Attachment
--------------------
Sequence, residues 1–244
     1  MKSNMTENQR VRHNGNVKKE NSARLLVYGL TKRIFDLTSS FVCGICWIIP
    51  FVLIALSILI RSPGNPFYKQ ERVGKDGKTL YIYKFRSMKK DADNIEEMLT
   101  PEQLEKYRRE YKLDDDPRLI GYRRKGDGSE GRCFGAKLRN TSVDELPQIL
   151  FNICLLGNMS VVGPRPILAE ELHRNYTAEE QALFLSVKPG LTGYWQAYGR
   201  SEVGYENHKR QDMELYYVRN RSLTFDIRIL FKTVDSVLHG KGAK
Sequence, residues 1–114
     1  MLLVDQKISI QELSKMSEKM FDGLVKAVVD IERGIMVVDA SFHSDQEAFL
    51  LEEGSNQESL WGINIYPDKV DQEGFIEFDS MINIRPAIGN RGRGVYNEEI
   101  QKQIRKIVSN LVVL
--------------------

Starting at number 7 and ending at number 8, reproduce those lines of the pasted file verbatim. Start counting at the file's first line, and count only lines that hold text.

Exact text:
Sequence, residues 1–114
     1  MLLVDQKISI QELSKMSEKM FDGLVKAVVD IERGIMVVDA SFHSDQEAFL